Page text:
It also supposes that Clark’s Psi Corps allies haven’t been illicitly scanning normals in positions of power, but Babylon 5 basically doesn’t have a story at all if you allow that.

        One aspect of all this is that we actually know very little about Clark and his motivations from his perspective. It’s one of the most interesting aspects of B5 how much it keeps its main individual antagonist in the background. It’s one of those things that one might have thought would not work, but turns out to be tremendously effective in practice.

        1. That was something I was also going to being up at some point, butnot quite yet, so I’m glad I’m not the only one who noticed: what is it Clark wants? Just to be In Charge Of The Whole Shebang By Any Means? It’s actually a potential failing in the show, that his motivations are never explained and he’s just an offscreen Big Bad. We get glimpses, through the policies his goons enforce, such as in Intersections In Real Time, but no more than glimpses…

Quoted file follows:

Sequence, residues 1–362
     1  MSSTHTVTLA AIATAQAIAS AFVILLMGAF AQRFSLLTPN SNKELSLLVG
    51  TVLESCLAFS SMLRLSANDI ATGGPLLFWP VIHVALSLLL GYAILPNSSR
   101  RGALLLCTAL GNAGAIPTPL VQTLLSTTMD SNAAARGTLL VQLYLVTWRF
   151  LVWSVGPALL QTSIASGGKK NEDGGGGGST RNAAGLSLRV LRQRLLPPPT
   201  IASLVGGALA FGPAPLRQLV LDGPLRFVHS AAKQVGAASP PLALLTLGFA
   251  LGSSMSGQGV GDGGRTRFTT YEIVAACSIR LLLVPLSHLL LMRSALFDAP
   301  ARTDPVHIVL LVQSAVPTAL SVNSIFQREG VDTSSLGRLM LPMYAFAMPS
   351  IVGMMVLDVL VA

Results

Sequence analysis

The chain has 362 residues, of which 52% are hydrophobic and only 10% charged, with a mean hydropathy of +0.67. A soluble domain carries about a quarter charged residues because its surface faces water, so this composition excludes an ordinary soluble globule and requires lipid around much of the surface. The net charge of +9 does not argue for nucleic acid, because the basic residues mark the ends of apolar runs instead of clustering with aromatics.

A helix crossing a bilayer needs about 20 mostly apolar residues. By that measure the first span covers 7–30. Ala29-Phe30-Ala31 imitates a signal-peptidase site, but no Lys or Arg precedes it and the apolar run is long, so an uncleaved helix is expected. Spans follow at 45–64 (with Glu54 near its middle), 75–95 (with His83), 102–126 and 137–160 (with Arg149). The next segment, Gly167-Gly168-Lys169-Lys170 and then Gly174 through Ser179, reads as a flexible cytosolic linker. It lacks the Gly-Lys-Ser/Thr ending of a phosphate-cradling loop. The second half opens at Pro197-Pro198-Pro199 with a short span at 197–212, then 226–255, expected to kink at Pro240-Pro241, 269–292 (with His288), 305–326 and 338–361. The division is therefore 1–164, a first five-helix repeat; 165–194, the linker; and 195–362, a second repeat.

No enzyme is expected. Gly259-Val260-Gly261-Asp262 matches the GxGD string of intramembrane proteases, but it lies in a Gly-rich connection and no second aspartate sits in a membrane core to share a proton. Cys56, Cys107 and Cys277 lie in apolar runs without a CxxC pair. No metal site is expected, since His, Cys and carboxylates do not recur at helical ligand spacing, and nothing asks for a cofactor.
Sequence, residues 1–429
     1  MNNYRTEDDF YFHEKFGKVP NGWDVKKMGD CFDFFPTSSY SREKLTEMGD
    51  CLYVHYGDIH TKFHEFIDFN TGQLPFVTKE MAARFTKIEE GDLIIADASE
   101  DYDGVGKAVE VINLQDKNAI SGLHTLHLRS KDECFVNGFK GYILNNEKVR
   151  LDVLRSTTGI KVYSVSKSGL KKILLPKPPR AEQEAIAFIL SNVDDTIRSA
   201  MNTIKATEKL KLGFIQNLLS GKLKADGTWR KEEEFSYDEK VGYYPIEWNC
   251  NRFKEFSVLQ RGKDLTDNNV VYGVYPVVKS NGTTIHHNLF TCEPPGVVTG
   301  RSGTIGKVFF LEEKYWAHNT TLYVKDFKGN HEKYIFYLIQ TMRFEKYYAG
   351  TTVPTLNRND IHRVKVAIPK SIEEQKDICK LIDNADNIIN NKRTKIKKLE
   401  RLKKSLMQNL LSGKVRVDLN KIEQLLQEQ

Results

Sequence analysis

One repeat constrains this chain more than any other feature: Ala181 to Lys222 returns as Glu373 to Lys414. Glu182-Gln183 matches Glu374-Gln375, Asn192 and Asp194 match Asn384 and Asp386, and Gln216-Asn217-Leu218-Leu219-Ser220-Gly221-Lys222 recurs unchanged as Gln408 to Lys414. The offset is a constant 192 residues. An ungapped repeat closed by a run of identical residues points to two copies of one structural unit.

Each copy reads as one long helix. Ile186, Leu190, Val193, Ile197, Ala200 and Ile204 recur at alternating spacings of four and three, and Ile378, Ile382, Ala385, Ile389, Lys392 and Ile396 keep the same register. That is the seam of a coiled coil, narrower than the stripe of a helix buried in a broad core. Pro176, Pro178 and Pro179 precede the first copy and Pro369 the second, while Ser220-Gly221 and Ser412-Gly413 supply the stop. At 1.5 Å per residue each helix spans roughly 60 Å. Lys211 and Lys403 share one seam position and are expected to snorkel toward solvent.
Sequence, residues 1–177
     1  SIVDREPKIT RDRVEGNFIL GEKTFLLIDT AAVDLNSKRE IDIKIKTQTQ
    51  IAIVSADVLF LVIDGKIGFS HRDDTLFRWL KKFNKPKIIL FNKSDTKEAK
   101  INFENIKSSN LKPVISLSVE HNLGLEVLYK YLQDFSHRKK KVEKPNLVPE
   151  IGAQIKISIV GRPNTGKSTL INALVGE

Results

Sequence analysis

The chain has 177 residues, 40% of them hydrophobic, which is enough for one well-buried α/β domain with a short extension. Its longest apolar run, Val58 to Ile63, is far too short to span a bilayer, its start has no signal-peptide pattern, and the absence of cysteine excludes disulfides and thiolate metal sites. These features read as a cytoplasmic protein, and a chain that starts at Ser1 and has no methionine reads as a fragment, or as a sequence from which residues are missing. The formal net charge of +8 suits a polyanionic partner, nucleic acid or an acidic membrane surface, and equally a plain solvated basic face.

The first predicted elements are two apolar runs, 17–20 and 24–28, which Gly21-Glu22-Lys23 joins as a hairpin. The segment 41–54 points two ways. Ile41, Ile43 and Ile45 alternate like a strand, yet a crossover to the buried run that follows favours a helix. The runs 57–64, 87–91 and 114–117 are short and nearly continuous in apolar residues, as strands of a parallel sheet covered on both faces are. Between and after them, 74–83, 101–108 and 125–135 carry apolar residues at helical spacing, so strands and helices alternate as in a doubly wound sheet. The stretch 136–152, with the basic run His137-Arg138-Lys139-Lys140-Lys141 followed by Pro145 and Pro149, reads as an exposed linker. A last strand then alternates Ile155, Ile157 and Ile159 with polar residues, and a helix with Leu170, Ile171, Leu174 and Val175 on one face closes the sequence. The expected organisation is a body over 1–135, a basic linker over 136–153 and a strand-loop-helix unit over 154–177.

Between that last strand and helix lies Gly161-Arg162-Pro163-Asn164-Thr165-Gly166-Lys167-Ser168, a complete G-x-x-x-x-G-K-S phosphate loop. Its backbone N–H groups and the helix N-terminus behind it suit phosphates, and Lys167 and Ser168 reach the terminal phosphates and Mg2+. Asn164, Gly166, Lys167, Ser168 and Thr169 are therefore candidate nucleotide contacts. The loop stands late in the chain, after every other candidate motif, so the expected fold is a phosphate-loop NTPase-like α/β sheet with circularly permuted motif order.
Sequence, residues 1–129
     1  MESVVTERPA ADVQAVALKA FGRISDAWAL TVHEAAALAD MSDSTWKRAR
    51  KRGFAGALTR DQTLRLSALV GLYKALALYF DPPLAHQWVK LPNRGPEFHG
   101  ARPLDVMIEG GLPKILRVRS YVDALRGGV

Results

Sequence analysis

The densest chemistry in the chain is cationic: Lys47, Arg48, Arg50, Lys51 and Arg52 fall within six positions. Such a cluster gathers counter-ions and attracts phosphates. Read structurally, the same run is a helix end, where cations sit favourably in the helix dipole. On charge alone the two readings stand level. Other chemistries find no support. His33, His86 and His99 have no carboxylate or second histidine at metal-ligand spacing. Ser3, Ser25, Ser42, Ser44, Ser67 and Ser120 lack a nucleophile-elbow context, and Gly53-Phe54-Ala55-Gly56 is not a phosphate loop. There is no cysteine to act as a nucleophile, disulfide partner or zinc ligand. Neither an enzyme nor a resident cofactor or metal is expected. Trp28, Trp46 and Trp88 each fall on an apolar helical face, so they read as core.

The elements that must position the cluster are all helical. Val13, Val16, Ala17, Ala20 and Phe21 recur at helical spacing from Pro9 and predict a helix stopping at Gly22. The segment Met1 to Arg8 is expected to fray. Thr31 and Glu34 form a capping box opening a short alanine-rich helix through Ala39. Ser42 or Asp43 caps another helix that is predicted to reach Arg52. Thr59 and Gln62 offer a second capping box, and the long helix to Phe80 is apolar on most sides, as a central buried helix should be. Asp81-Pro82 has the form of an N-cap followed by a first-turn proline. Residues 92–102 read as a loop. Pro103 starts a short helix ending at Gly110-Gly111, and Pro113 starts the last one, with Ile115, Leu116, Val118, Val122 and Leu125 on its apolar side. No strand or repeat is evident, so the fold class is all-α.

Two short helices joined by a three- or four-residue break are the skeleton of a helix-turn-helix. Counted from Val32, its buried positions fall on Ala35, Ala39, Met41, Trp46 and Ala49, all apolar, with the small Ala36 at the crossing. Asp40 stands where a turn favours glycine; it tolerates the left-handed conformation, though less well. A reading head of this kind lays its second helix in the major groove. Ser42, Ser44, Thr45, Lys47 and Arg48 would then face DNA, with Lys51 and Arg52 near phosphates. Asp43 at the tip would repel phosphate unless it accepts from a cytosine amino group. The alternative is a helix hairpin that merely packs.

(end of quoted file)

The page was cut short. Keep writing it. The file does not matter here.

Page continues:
2. I like the initial paradox of Sheridan as stooge and Starkiller, man of orange blossoms and religious rice. It’s enticing to think that while Clark may have considered him quickly as a provocateur, Hague gave this posting a second thought, which is all it needs really. It’s certainly in keeping with what we learn about Hague’s development.

    In PoD his arc works alongside Ivanova’s. We get consistently in-yr-face Ivanova-isms, continuing over the next few eps. There were a few flashes of this in S1 but no front and center main cast as in PoD.

  3. The really interesting thing is that Sheridan says he was “the late President’s” first choice to replace Sinclair if something happened. Clark antagonizing the Minbari by picking a (seeming) yes-man war-hero is one thing, but people generally assume Santiago was less hostile to aliens. I’m not sure how much of that is by default. He did pick Clark as his running mate, and one of his campaign promises was to “preserve Earth culture in the face of alien influence” or something, which may or may not be an anti-alien dogwhistle.

    Or it could just be that Santiago figured that if something happened to Sinclair, things were going to hell in a hand basket and it’d be prudent to put in someone with a bit more of a reputation, both for diplomacy and warfare, even if it did upset the Minbari.